close
Advertisement
Can't connect right now! retry

add The News to homescreen

tap to bring up your browser menu and select 'Add to homescreen' to pin the The News web app

Got it!

add The News to homescreen

tap to bring up your browser menu and select 'Add to homescreen' to pin the The News web app

Got it!

January 29, 2020

Losing the plot?

Opinion

January 29, 2020

Prime Minister Imran Khan delivers a speech at the World Economic Forum (WEF) annual meeting in Davos, on January 22, 2020. 

In the past week as Prime Minister Imran Khan leapt up to the world stage in Davos, Switzerland, to rub shoulders with some of the world’s most influential figures – notably US President Donald Trump – Pakistan’s rank and file mourned yet another crisis back home.

The government’s utter failure to anticipate the unprecedented rise in prices of ‘atta’ in large parts of Pakistan became too compelling to be easily shoved under the carpet.

Mr Khan’s advice to one set of foreign audience, suggesting they block their eyes and ears to the media, profoundly highlighted the top leaders’ failure to proverbially read the writing on the wall. And one among his most outspoken lieutenants, Sheikh Rashid (the railways minister), yet again took the lead in uttering possibly one of the most absurd lines from recent memory.

That Pakistanis consumed more ‘roti’ during the chilling winter months-November and December, to cause a severe shortage was how Rashid chose to cover up one of the most brutal shortages from recent memory. Taken together, as the prime minister seeks to put his eye on one foreign policy ball after another, he faces a fundamentally challenging question – has the lost the plot? Since he rose to take charge of Pakistan less than two years ago, the broad image of the country today shows few signs of the yearning for change promised by the prime minister.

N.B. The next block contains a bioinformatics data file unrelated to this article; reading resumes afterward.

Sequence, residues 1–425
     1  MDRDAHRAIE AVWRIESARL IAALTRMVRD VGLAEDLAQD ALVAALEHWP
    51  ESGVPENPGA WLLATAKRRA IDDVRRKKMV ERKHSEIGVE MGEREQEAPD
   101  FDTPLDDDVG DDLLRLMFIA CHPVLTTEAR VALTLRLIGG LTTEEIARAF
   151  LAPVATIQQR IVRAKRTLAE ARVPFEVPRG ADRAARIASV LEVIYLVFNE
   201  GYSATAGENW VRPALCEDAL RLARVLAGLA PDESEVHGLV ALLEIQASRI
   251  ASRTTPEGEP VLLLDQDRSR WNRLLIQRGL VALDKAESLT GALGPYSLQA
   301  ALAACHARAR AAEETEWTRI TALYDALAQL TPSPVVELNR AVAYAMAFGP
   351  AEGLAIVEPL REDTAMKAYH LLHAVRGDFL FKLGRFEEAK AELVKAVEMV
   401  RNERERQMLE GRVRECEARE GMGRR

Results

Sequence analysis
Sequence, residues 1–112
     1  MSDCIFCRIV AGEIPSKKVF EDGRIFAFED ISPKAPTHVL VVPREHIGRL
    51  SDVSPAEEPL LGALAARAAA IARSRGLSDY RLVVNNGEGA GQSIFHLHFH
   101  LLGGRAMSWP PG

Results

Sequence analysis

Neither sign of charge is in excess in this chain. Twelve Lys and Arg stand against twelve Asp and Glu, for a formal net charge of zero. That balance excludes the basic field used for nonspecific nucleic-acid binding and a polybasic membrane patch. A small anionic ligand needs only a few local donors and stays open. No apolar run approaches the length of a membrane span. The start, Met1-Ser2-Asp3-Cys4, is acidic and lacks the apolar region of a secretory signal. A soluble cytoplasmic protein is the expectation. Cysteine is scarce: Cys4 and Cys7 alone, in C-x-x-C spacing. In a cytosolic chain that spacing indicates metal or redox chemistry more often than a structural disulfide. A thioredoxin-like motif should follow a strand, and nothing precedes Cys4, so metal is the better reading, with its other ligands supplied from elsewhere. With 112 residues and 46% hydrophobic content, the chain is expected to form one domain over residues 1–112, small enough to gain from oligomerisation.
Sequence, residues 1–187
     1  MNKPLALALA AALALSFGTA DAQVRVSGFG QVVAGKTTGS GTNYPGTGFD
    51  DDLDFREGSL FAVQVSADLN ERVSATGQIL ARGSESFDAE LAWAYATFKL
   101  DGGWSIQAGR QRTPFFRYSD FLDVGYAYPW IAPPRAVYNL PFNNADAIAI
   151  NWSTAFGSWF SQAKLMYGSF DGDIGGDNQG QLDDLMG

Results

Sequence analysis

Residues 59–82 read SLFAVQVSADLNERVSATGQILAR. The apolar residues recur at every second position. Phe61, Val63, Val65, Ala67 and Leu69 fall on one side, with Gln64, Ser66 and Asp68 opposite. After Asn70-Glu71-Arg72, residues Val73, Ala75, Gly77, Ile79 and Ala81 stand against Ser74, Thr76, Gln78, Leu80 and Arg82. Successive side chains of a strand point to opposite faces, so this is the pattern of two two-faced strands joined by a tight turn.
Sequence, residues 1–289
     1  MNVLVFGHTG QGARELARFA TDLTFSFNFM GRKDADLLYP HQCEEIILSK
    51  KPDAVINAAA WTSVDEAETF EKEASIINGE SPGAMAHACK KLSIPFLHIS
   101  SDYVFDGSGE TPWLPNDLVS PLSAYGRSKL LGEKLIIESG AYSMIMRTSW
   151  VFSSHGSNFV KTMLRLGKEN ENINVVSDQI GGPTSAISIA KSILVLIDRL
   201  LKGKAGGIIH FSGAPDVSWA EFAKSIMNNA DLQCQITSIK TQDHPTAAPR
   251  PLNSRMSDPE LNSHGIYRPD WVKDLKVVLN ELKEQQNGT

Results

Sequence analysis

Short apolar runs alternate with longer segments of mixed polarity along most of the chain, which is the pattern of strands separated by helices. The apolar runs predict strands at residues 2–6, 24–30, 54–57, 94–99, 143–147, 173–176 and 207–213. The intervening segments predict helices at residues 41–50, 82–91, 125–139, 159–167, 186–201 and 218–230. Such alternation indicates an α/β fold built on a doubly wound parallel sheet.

In this relatively short time frame, the ever yawning gap between the ambitions of Pakistan’s key leaders and the reality surrounding the country has become far too serious to be easily ignored. As Pakistan’s Cambridge educated Foreign Minister Shah Mehmood Qureshi set off on a so-called peace mission to break a deadlock between Iran and Saudi Arabia, queues of consumers jam-packed already crowded markets in search of ever less affordable wheat flour or ‘atta’.

In a matter of a few weeks, the price of ‘atta’ had sky rocketed, rising 50 percent or more in many neighborhoods. Once again, the government jumped in the fray promising to tackle the crisis to bring relief to the people of Pakistan. And yet, to date there are few answers to the baffling riddle on exactly why the crisis emerged in the first place.

Ali Zaidi, the outspoken PTI minister from Karachi went on a talk show on GEO TV to unravel a rare admission of failure from the official ranks. Referring to the ill-advised choice of exporting the existing wheat stocks late last year without anticipating the coming shortages down the line, Zaidi’s public remarks have further deepened what is already a compelling impression of a government without its finger on the national pulse.

The crisis has many dimensions. On the one hand, there is indeed evidence of failure to foresee at the federal level. On the other hand, the ever worsening quality of governance across Punjab – once known as Pakistan’s all too precious bread basket – has indeed spoiled the official capacity to tackle the challenge. Meanwhile, the crisis surrounding some of Pakistan’s key crops notably wheat, cotton and to some extent rice shows few signs of a bold policy response from the government to set the pace for a qualitatively improved future. In brief, the agriculture sector shows little evidence of a concerted push to address some of the toughest challenges surrounding the matter of Pakistan’s food security.

At the end of the day, its far from clear if Prime Minister Khan has a workable plan to solve issues on multiple fronts faced by his government. The effects of mounting inflation during his tenure have come to cause more than just an average pinch across ordinary households. With inflation hovering above 12 percent, its hard to imagine exactly how the central bank will settle for the reduced interest rates that many business leaders consider a necessary prerequisite to kickstart the economy. Clearly, the plot seems to be lost at least for now.

The writer is an Islamabad-basedjournalist who writes on political andeconomic affairs.

Email: [email protected]